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Europa - A Cyberpunk Chronicle - Review

cyberpunk chronicle logo for Europa

"With enough money, (corporations) become the government in all things but name."

-Elias J. Hurst
(Images belong to the author)
Cyberpunk book Europa cover

Elias J. Hurst is the author of numerous science fiction novels, including Europa: A Cyberpunk Chronicle, and who better to write sci-fi than a scientist with a background in optics, chemistry, and other areas. This review covers two of the three books contained in this collection.

Europa begins with Luka being interviewed about his mental health as he prepares to go to Europa. This serves as a great disguise for the exposition of his backstory. After an attack causes a car accident, he has a biochip installed without his authorization, providing a wealth of information. Unfortunately, others also know how much it’s worth,

“It’s time to settle your bill.”

“Okay, and what did you have in mind?” asked Luka.

“Funny you use that phrase when it's more about what you have in yours."

Europa takes place after a natural disaster killed millions on Earth, depleting natural resources. Luka lost his wife Emma in the process, wrecking his life,

His mind was not a library anymore. Once it had been clean and orderly, but now when he looked inward he saw a shanty town—more wreckage than structure…

"…You are like Orpheus. You are in the underworld, trying to bring someone back.”

This results in anger issues; from a verbal altercation with a reporter, to a fight with Janus over callously treating the death of his publicist, he has a lot of internal processing to work through. He’s reminded of a college lecture in one scene, probably due to Emma being the victim of chance,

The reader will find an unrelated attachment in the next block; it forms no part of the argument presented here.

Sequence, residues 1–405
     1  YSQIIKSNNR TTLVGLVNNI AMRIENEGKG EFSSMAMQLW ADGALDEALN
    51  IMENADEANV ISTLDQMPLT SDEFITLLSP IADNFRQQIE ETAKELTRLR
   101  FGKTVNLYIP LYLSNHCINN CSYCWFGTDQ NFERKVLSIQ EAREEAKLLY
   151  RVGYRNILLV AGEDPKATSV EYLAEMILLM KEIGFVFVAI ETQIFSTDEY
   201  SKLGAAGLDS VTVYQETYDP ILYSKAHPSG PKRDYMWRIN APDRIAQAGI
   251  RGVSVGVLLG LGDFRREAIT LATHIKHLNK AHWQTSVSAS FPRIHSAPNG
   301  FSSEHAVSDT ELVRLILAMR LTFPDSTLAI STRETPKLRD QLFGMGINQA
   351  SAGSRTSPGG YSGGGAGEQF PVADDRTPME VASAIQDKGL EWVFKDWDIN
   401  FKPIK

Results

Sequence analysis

Probability silently shapes our lives...someone will be the victim of chance.

When he starts asking questions about his publicist’s death, he realizes his life’s on the line. He receives a coded message to meet an associate, Elise, in a bad part of town to escape which begins his descent into the dystopian underworld of Low City, where the maxim is Eat the Rich and people live in submerged skyscrapers just to go off the grid,

~Get Higher~ Bright pink letters floating in a smoke trail formed the slogan while vibrant blues and greens shaped the body of an overgrown caterpillar beneath it. The colors shone against the bare concrete of the decaying building, even in the gloom of the storm.

They amassed wealth with alarming efficiency, and the richer they got, the higher they moved. This was the perverse gravity of New Seattle; it pulled upward at the heaviest pockets.